June 19: Doesn’t everybody have literary heroes?

I spent a second night in Hannibal, Missouri, after my adventures with my rib on Saturday, because I was too tired and sore after all that to go explore the town. Hannibal is where Mark Twain grew up, and he’s pretty much a cottage industry there. You can go explore the cave that was the prototype for the one in Tom Sawyer, you can visit a reconstruction of the shed where Jim’s prototype lived (I kid you not), etc., etc. Most of it was too gimcracky for words.

On the other hand, the Boyhood Museum (which contained a number of buildings, including a restoration of one of the houses (his father had a hard time earning a living and died when Sam was eleven) Twain grew up in, the house of the little girl he modeled Becky Thatcher on, and a reconstruction of the Blankenship cabin (Tom Blankenship was the boy Huckleberry Finn was based on, and he wasn’t quite as badly off as Huck growing up) was interesting and fun, and worth an hour or so.

The white house is one of several Twain lived in as a kid.  The sign in front of the white fence says this is the one Tom Sawyer got everyone else to whitewash for him [g].
The white house is one of several Twain lived in as a kid. The sign in front of the white fence says this is the one Tom Sawyer got everyone else to whitewash for him [g].
I know exactly what Twain meant when he said this.  From inside the museum.
I know exactly what Twain meant when he said this. From inside the museum.
The "Huck and Tom" statue in downtown Hannibal.
The “Huck and Tom” statue in downtown Hannibal.

Oh, and there was a quilt shop across the street, which looked tiny from the outside, but inside was four huge rooms full of fabric. Yes, I bought two more half yards.

Thank you to Jane Hotchkiss for the lovely afternoon. She recommended that I take Missouri Route 79, which more or less follows the Mississippi River from Hannibal to St. Louis. It was a really pretty drive. The Mississippi is huge by the time it gets this far south, and this time of year it’s really, really full. Several viewpoints along the way provided great views (from at least one you could see at least fifty miles over into Illinois), and I thoroughly enjoyed myself. Also, the Mississippi River bluffs are really heavily wooded. All those curly-haired deciduous trees [g]. I bet that drive is spectacular in the autumn.

A glimpse of Old Man River.  This time of year, as my friend Mary says of North Carolina where she lives, the forest is like a green wall on either side of the road.  Only in a few places can you actually see any distance.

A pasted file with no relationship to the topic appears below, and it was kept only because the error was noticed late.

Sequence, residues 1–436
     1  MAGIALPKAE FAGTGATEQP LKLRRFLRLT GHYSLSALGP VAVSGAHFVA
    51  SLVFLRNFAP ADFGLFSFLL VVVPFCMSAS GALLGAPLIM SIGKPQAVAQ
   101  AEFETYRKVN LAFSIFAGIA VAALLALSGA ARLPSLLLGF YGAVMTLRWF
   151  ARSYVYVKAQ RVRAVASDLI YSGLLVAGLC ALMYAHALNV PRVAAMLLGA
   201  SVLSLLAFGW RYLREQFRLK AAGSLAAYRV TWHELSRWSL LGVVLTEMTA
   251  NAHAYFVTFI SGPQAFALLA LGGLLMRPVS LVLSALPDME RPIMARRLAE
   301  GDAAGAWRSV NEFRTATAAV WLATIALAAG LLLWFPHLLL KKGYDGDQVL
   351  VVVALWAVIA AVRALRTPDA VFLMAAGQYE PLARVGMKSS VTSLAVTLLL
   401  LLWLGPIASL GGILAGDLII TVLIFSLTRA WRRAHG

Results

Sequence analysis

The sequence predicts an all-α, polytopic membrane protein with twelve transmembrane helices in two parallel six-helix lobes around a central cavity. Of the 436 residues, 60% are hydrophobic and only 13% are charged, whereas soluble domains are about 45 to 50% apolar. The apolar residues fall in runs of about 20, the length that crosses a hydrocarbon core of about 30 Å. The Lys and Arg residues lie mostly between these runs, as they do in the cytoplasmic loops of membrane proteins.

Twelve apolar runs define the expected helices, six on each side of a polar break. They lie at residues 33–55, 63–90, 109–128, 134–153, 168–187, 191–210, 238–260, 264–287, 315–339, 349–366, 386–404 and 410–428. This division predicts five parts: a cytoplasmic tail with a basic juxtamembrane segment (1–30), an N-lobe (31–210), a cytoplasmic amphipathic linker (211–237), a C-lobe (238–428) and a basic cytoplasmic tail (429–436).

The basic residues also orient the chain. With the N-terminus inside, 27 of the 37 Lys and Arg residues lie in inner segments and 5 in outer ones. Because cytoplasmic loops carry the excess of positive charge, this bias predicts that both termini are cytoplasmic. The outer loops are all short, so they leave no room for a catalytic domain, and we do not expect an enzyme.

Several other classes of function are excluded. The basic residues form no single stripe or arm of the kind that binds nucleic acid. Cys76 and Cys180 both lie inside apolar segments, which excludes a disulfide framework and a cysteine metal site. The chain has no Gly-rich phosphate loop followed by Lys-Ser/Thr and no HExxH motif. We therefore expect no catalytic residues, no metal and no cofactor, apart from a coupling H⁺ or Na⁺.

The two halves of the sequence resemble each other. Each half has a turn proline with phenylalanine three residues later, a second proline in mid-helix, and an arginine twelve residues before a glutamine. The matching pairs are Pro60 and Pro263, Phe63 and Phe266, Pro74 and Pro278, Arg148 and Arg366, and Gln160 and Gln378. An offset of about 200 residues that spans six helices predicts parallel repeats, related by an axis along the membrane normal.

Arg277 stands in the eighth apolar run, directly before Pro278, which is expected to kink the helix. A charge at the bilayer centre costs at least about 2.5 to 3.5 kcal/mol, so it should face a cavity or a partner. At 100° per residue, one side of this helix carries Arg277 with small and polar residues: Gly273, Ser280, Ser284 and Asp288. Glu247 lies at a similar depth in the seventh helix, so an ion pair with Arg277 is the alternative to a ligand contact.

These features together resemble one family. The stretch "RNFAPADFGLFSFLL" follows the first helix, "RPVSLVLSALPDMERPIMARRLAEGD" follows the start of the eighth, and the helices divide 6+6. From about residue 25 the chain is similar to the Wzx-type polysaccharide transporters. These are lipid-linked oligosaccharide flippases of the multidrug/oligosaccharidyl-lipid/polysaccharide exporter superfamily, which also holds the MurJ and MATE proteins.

A glimpse of Old Man River. This time of year, as my friend Mary says of North Carolina where she lives, the forest is like a green wall on either side of the road. Only in a few places can you actually see any distance.
A tugboat on the Mississippi.
A tugboat on the Mississippi.
The Mississippi from a city park in the town of Louisiana, Missouri.  It's funny to think about where some of that water came from -- some of it passed through the Grand Canyon of the Yellowstone, over Yellowstone Falls.
The Mississippi from a city park in the town of Louisiana, Missouri. It’s funny to think about where some of that water came from — some of it passed through the Grand Canyon of the Yellowstone, over Yellowstone Falls.

Tonight I’m in St Charles, Missouri (a western suburb of St. Louis), and tomorrow I’m going to go see the Gateway Arch! (I’ve been wanting to do that ever since I took Amtrak from Ohio to Texas to visit my parents years and years ago, and got a glimpse of the Arch from the train on the Illinois side of the river). Unfortunately, the museum underneath the arch is closed for renovation, and no, I’m not going up in the arch because I don’t do manmade heights and I’m slightly claustrophobic about manmade closed in spaces, but I want to walk under it and see it close up and personal.

I really want to go to the Missouri Botanic Gardens, too, but it’s 95dF and really humid, so we’ll see if I can manage that without melting in a puddle. They’re one of the oldest botanical gardens in the U.S. and are supposed to be really something.

And then it’s on to southern Illinois, where I plan to stop and see my fellow Bujold listee Jim Parish. It’ll be nice to be social again with a friend.